Washington, DC (Jan. 9, 2017) -- The National Association of Criminal Defense Lawyers (NACDL) welcomes Kaitlin Bigger to NACDL as the inaugural Tiffany May Joslyn White Collar Crime Policy intern.
This internship was created in memory of Tiffany May Joslyn, who served as NACDL's White Collar Crime Policy Counsel from 2008 through 2015, and in honor of her significant contributions to the cause of criminal justice reform, particularly in the areas of white collar crime, overcriminalization, and the erosion of due process protections in the criminal justice system. After leaving NACDL, Tiffany served as Deputy Chief Counsel of the Subcommittee on Crime, Terrorism, Homeland Security, and Investigations for the Democratic staff for the Judiciary Committee of the U.S. House of Representatives. This internship is designed to afford a law student specifically interested in white collar crime and related policy issues with the opportunity to work directly with and learn from leaders in the field.
Kaitlin is a second year law student at American University, Washington College of Law, where she serves as a junior staffer on the Criminal Law Practitioner Brief and the Modern American Brief. She obtained a B.S. in Political Science from Appalachian State University in Boone, North Carolina. Kaitlin discovered her passion for criminal justice reform while working with the American Bar Association's Death Penalty Representation Project.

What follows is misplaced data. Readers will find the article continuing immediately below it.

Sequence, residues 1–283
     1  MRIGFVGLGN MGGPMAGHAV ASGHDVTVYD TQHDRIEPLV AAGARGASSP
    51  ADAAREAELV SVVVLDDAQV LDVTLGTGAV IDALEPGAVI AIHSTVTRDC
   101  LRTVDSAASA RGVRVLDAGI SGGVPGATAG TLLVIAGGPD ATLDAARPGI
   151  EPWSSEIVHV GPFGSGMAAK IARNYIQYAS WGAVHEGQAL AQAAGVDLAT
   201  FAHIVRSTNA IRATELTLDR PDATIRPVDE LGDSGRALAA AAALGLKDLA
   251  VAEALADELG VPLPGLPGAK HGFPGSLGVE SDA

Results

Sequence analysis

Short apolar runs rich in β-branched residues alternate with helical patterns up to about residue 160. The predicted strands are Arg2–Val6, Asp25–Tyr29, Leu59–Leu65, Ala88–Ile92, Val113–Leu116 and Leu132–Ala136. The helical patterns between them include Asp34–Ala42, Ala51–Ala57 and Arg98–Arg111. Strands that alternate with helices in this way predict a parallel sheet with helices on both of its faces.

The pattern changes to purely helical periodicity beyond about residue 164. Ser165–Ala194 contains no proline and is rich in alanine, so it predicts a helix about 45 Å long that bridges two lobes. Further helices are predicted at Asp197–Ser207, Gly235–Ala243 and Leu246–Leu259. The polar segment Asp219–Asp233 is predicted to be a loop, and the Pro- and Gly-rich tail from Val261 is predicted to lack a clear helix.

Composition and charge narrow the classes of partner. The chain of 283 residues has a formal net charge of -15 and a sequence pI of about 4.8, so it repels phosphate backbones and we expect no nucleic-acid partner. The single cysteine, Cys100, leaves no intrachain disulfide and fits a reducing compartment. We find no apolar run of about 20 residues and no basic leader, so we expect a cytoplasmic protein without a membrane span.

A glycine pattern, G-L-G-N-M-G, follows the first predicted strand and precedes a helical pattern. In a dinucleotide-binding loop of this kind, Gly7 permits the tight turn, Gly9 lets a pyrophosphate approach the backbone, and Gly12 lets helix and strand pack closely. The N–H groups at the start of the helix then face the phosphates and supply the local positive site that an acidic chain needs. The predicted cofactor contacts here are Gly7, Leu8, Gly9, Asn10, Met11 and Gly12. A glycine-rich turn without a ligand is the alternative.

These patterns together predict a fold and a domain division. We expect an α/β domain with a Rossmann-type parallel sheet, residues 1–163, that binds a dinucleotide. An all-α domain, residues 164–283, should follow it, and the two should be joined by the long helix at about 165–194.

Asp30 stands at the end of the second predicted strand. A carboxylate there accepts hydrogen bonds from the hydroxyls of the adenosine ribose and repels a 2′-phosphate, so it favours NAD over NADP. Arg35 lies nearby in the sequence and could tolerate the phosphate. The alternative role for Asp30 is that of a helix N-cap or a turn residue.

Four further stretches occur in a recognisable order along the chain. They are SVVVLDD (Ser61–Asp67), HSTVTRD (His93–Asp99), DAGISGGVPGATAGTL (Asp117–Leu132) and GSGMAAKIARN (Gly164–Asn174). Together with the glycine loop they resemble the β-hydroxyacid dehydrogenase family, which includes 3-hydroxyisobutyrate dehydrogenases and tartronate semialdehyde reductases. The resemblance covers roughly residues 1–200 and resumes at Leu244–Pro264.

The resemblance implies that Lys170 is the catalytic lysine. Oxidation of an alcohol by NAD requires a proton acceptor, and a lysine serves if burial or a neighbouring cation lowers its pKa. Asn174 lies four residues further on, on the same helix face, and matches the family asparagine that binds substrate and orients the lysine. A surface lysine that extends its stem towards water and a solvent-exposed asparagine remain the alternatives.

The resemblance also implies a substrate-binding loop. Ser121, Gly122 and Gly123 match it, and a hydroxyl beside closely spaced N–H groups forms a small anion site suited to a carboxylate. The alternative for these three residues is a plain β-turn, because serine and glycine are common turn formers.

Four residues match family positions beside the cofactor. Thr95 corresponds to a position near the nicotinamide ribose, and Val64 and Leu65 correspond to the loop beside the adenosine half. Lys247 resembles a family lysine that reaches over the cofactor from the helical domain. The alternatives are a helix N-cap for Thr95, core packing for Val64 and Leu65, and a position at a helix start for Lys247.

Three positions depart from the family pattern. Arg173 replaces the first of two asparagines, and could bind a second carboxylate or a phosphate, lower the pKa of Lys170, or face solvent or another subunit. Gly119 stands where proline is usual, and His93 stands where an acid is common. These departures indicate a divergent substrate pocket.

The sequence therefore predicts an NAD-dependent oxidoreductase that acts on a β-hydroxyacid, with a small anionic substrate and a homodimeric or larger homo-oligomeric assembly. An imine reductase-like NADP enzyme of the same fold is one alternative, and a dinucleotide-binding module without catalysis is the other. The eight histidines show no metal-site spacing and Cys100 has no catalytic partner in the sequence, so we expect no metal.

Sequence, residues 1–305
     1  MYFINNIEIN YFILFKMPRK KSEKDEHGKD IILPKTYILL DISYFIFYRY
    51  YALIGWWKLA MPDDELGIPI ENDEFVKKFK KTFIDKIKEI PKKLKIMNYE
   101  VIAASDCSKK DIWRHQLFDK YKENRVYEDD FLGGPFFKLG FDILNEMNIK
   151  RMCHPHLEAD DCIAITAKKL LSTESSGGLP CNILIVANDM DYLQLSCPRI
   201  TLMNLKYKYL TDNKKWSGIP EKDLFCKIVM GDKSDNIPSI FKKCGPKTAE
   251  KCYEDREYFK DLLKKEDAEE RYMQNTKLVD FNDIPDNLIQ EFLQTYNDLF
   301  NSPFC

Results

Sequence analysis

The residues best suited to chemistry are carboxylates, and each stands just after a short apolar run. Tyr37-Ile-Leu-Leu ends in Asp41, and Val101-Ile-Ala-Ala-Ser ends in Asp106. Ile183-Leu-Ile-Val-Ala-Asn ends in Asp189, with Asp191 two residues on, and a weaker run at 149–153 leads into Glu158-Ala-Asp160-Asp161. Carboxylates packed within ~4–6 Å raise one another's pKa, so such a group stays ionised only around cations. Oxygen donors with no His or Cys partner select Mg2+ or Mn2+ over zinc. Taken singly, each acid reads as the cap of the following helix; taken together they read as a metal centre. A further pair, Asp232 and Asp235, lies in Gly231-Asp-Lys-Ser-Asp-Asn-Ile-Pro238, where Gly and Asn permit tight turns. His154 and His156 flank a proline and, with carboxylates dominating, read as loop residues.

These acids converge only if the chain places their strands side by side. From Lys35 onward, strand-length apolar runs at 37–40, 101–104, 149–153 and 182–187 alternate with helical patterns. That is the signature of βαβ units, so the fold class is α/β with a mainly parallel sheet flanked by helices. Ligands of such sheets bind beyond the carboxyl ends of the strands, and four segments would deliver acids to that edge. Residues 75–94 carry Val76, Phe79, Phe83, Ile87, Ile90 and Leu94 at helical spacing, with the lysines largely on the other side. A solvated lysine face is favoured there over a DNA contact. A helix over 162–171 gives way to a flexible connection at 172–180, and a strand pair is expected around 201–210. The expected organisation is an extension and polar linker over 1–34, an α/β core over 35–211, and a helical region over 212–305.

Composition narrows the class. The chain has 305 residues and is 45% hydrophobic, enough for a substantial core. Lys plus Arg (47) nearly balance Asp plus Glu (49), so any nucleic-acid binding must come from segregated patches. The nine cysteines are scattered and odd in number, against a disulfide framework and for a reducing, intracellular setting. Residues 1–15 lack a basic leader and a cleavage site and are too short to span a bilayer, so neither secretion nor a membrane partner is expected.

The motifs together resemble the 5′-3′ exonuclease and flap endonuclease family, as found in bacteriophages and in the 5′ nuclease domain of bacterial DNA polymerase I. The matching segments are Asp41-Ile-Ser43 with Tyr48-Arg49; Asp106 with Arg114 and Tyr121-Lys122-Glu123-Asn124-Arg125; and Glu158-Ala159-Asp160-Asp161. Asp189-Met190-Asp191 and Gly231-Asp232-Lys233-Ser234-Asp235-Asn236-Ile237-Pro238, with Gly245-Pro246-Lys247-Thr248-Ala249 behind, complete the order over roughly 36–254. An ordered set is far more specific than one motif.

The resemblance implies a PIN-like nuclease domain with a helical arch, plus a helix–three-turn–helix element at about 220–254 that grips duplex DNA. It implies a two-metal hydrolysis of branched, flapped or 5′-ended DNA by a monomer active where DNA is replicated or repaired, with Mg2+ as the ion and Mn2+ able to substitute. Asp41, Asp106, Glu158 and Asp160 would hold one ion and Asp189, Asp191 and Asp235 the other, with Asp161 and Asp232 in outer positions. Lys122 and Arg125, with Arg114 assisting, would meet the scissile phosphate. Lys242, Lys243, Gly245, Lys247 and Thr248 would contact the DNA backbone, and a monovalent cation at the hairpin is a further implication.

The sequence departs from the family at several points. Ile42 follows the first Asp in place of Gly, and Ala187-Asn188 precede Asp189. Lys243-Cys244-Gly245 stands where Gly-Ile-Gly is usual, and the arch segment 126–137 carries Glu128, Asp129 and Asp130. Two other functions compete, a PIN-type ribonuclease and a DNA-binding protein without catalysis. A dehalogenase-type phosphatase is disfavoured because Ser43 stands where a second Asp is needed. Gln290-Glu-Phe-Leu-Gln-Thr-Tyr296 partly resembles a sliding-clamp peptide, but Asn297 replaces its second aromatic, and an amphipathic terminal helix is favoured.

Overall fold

Kaitlin will be interning during her spring 2017 semester at NACDL. She will be assisting the White Collar Crime Policy Department on a variety of advocacy and research projects.
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Ivan J. Dominguez, NACDL Director of Public Affairs & Communications, (202) 465-7662 or email@example.com for more information.
The National Association of Criminal Defense Lawyers is the preeminent organization advancing the mission of the criminal defense bar to ensure justice and due process for persons accused of crime or wrongdoing. A professional bar association founded in 1958, NACDL's many thousands of direct members in 28 countries – and 90 state, provincial and local affiliate organizations totaling up to 40,000 attorneys – include private criminal defense lawyers, public defenders, military defense counsel, law professors and judges committed to preserving fairness and promoting a rational and humane criminal justice system.